Software Transactional Memory

As I men­tioned a few weeks ago, I’m writ­ing my master’s the­sis on soft­ware trans­ac­tional mem­ory (STM).

Of course it is still early in the process, and while I’ve got some ideas for my imple­men­ta­tion, and have started pro­to­typ­ing parts of it, most of the time has been spent catch­ing up on all the exist­ing work in the field.

Lit­tle did I know when I accepted the sub­ject that there’d been writ­ten that many papers about it over the last decade. Phew… A com­menter asked me for the ref­er­ences I found use­ful, so here’s an incom­plete list:

Tran­ac­tional Mem­ory Bib­li­og­ra­phy: This site con­tains an up-to-date and extremely com­pre­hen­sive list of ref­er­ences to every­thing writ­ten aobut STM. Just the sheer num­ber of links out from that site is depress­ing, but it’s obvi­ously a won­der­ful place to get an overview of what’s available.

Trans­ac­tional Mem­ory: I bought this book after notic­ing that almost every paper on STM ref­er­enced it. And it was money well spent. The book is well writ­ten, explains the sub­ject clearly, and cov­ers pretty much every­thing I wanted to know. It is split into three main chap­ters (not count­ing the introduction):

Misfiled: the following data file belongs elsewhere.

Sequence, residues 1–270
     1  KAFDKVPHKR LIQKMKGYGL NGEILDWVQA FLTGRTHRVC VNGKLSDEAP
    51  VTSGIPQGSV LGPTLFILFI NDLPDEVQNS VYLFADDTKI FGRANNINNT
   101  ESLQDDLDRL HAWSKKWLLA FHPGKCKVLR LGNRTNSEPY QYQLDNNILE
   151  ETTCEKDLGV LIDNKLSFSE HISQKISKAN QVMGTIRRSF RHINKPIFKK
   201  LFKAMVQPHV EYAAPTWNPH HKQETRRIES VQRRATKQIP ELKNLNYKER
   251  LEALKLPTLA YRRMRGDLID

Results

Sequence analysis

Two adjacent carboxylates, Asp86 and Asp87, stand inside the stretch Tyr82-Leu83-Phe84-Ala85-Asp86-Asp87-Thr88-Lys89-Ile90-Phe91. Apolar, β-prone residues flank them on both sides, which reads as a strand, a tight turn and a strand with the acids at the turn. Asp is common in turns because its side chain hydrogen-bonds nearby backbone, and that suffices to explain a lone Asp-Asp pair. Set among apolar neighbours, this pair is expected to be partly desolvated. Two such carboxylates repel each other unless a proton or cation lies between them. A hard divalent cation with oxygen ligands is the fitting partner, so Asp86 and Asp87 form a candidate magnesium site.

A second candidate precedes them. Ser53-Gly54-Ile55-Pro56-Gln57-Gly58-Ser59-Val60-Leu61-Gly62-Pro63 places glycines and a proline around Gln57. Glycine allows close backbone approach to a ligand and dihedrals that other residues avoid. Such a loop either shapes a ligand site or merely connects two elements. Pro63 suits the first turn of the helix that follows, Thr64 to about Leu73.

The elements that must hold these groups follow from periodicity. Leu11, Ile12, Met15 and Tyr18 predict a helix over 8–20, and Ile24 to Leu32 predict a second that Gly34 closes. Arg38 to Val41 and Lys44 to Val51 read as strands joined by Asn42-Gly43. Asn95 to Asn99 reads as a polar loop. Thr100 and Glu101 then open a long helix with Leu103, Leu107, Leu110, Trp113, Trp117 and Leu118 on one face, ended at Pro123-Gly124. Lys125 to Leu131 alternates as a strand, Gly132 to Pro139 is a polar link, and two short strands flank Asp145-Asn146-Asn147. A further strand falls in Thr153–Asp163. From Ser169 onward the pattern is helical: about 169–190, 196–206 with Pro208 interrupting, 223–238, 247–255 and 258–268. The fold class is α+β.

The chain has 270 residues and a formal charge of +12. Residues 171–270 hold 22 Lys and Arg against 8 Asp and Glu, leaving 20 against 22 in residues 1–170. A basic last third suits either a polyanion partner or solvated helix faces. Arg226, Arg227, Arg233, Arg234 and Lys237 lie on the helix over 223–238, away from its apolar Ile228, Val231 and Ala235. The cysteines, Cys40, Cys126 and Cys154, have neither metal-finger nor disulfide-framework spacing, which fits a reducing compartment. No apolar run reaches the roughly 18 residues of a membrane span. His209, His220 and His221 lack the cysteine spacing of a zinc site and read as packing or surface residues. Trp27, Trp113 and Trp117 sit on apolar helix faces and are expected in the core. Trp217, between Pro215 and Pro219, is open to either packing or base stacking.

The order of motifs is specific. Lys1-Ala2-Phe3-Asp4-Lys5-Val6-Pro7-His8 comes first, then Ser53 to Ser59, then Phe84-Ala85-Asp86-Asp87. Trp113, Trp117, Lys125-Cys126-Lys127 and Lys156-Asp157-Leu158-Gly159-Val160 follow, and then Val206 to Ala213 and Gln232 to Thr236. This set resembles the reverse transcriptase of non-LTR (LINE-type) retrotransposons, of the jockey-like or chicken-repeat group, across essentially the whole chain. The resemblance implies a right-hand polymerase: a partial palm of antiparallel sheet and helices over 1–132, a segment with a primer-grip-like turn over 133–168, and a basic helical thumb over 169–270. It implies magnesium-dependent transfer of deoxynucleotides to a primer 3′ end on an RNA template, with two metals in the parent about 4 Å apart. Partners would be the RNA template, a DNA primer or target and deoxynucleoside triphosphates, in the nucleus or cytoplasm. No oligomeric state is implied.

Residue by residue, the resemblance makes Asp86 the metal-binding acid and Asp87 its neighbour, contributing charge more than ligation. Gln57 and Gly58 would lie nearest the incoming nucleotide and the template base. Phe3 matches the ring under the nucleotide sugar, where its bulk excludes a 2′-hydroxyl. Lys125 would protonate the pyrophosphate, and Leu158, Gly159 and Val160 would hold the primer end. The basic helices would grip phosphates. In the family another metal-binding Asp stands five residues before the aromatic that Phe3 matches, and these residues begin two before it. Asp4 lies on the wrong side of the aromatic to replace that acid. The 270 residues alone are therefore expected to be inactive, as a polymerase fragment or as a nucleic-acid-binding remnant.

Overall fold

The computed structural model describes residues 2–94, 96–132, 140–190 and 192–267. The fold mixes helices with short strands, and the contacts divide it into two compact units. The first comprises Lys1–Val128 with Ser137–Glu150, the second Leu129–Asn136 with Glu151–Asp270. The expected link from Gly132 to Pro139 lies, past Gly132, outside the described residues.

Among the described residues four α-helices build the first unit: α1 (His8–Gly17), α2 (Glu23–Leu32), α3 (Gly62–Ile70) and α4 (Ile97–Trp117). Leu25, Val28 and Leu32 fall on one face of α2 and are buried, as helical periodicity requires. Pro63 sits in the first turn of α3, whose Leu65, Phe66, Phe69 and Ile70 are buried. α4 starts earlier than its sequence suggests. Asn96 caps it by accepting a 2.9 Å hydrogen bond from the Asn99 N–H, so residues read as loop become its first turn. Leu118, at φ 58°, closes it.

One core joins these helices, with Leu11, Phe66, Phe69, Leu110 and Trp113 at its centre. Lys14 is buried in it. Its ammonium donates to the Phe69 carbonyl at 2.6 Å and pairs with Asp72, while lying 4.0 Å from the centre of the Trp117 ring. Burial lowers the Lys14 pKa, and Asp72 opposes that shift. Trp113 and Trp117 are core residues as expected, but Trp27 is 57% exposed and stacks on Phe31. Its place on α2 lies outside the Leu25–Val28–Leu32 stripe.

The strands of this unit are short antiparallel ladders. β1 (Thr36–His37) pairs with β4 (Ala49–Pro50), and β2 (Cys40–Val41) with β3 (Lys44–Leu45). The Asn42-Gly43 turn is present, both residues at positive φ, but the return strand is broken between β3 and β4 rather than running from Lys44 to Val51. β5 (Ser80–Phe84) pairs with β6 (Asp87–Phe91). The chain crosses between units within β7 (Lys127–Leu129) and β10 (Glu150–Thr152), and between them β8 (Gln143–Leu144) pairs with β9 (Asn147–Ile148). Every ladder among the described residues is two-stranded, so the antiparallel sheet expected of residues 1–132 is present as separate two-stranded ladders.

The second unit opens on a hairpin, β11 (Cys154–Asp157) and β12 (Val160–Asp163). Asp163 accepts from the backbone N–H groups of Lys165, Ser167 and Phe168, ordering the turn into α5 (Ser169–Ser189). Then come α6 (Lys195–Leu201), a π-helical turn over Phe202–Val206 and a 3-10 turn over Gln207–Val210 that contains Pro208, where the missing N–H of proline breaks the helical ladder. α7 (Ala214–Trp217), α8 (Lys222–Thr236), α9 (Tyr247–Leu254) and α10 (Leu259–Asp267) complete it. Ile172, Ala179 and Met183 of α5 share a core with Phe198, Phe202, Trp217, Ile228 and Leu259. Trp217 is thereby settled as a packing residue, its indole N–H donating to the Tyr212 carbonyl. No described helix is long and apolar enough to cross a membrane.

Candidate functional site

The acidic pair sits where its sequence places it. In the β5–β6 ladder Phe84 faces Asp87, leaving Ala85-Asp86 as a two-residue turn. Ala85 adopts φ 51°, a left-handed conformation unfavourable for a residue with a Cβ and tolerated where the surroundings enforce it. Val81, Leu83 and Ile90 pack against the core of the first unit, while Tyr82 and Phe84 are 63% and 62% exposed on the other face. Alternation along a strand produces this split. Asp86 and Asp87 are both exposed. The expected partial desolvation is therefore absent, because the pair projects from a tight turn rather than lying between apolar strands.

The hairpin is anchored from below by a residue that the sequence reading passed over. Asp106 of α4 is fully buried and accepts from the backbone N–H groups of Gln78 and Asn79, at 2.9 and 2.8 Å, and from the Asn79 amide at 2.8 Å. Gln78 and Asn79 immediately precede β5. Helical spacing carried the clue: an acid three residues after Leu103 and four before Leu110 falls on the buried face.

The first chap­ter dis­cusses TM purely from a user’s per­spec­tive. What should the API look like, what do we, as pro­gram­mers want or need from a TM imple­men­ta­tion, what should the seman­tics be, and what exten­sions might be use­ful? It explains a num­ber of impor­tant con­cepts, such as weak/strong iso­la­tion, seri­al­iz­abil­ity and lin­eariz­abil­ity, direct and deferred update and many oth­ers. But mostly, this chap­ter is fan­tas­tic as a dis­cus­sion of what TM research should aim towards. With­out get­ting bogged down in imple­men­ta­tion details, it focuses sim­ply on how we’d like it to work (and on the many open ques­tions where we still don’t know which seman­tics would make sense or be most useful).